If our organizations are to achieve continued growth, then they must be adaptable to change, wherever that change may come from. They must be able to overcome uncertainty, wherever that uncertainty lies. And they must be prepared for the future, whatever it holds.

David Thorp
Executive Director of the Business Continuity Institute

One of the biggest challenges with shifting applications from an on-premises environment into a public cloud is the sheer volume of data that often needs to be moved. The amount of time and effort involved in a cloud migration for many IT organization has been nothing less than daunting.

Veritas Technologies today announced it has significantly simplified those data migration issues with the launch of Veritas CloudMobility, which allows IT organizations to employ software that Veritas originally developed to back up applications to a cloud migration. Alex Sakaguchi, director of global solutions marketing for Veritas, says the difference now is that data migration into the cloud can be executed via a single mouse click.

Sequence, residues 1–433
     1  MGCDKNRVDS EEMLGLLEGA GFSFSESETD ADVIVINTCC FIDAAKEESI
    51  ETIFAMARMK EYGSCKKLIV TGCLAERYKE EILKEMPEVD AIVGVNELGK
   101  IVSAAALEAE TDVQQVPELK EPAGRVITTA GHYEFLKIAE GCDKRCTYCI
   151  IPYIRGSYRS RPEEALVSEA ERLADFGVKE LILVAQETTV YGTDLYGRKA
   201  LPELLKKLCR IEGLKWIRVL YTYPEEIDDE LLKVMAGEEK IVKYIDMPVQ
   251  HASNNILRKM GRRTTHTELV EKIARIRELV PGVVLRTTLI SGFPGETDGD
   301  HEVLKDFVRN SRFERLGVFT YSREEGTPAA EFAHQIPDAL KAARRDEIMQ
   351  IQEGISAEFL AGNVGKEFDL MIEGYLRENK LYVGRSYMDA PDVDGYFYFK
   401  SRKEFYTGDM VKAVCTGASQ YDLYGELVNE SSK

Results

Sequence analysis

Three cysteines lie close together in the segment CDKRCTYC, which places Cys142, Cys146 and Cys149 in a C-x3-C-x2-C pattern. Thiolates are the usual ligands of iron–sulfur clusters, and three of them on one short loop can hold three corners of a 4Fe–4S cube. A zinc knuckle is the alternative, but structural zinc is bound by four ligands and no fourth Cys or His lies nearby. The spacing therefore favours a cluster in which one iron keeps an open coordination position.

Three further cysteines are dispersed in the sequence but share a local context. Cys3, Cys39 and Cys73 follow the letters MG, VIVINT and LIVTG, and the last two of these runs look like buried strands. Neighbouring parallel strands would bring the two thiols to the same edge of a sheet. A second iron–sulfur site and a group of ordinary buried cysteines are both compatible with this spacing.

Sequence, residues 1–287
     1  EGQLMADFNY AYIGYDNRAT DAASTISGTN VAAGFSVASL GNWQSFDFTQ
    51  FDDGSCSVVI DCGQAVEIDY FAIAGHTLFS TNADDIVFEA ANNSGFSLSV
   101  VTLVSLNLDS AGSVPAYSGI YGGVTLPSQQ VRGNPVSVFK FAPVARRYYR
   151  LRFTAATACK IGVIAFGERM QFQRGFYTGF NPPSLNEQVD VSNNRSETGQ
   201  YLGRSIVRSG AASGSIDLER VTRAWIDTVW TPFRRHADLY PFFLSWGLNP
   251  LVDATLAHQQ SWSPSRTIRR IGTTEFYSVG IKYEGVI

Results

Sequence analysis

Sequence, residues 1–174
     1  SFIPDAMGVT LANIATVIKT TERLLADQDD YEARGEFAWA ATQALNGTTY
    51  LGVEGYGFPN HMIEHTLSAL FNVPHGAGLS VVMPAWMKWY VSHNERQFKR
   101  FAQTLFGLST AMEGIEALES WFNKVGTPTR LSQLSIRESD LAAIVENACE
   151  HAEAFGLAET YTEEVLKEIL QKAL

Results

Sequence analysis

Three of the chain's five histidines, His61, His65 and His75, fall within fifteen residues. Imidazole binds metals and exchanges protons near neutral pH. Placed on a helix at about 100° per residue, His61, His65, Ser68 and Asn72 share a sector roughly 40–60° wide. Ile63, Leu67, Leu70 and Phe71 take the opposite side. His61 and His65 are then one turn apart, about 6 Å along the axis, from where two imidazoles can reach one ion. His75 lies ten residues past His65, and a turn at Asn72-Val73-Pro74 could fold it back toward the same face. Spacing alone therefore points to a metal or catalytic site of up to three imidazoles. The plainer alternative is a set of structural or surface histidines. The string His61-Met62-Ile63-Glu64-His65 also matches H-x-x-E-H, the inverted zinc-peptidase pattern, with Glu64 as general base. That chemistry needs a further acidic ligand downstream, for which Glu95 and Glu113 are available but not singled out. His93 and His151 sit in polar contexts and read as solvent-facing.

“It’s based on the same technology we use for disaster recovery,” says Sakaguchi.

Veritas today also announced Veritas CloudPoint, which enables IT organizations to much more aggressively schedule the capturing of snapshots of data residing in multiple public clouds as part of an effort to accelerate recovery time and point objectives.

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http://www.itbusinessedge.com/blogs/it-unmasked/veritas-simplifies-data-migrations-to-the-cloud.html